UK: Cancer Vaccine Trials Set For This Year

The pharmaceutical company BioNTech has inked a deal with the UK government to conduct trials for an mRNA-based cancer vaccine this year.

UK: Cancer Vaccine Trials Set For This Year
Image credit: CDC / Unsplash

Facts

  • The pharmaceutical company BioNTech has inked a deal with the UK government to conduct trials for an mRNA-based cancer vaccine this year.
  • BioNTech, which developed a COVID mRNA vaccine in collaboration with Pfizer, announced plans to open new UK research centers and administer 10k doses of the treatment by 2030. The mRNA therapies introduce personalized pieces of genetic code to help train the immune system to fight cancerous cells, leaving healthy cells unharmed.
  • Unlike traditional vaccines, mRNA treatments utilize genetic instructions to train the body to produce parts of a virus, instead of using inactive viral cells. The COVID pandemic reignited interest in the technology, with scientists hoping that the method can be used to treat other illnesses.
  • UK health secretary Steve Barclay stated that "as early as September," cancer patients in the UK will have access to clinical trials providing "targeted, personalized and precision treatments using transformative new therapies to both treat the existing cancer and help stop it returning."
  • BioNTech co-founder Özlem Türeci praised the UK as a "great partner" for these trials, citing their fast approval processes for COVID vaccines and genomic-analysis capabilities. Cancer Research UK welcomed the news, but warned that a straining National Health Service may hinder swift advancement of these trials.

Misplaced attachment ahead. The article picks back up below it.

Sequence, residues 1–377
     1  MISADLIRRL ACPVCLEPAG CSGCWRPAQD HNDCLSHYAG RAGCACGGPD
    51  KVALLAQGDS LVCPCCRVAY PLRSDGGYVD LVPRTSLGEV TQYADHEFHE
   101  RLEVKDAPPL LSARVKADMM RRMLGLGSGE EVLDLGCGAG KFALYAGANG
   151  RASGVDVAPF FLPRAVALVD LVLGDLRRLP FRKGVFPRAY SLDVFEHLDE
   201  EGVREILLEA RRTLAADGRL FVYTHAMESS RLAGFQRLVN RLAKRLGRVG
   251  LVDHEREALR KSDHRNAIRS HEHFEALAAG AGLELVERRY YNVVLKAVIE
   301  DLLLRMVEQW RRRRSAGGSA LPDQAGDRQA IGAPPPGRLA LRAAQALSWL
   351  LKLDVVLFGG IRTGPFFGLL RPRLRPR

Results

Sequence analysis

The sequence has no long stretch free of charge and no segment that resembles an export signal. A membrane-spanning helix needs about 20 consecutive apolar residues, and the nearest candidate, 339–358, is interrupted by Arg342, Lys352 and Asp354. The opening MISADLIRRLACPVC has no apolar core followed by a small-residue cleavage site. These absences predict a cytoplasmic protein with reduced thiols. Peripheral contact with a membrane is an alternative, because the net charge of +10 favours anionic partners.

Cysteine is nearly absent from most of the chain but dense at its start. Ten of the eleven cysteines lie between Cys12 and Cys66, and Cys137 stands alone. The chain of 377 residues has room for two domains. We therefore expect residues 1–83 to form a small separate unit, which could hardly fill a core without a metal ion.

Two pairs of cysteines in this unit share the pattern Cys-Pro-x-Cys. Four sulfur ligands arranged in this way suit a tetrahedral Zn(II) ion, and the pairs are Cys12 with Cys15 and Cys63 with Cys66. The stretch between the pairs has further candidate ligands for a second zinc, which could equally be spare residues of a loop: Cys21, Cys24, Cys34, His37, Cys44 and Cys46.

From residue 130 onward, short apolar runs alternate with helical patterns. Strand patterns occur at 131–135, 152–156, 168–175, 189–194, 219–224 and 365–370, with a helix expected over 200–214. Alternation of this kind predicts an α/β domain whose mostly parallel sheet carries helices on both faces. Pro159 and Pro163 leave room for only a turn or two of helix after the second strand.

• While mRNA cancer treatments are in the early stages of development, data from a study last year showed that mRNA vaccines were able to generate a custom immune response in eight out of sixteen pancreatic cancer patients after nine doses, receiving one dose per week.

Sources: Telegraph, CNBC, Forbes, Guardian, and BBC News.

Narratives

  • Pro-establishment narrative, as provided by Technology Review. mRNA technologies are the future of healthcare, and the UK government is wise to make big investments. The COVID pandemic has shown that these treatments can be safe and effective, and there is hope that everything from the flu to HIV will eventually be able to be treated via mRNA vaccines. This news is no surprise to anybody who has kept their pulse on the health world, as we will finally see just how far mRNA technologies can go in treating diseases.
  • Establishment-critical narrative, as provided by MSN. Once again, the media is running away with science news at a breathless pace. While the trials were promising, the studies on mRNA cancer treatments do not indicate some kind of miracle cure. It is unlikely that mRNA vaccines will be first-line treatments for cancer anytime soon, as they mostly prevent the reoccurrence of cancer. The UK government is selling false hope to their people with their imprecise messaging.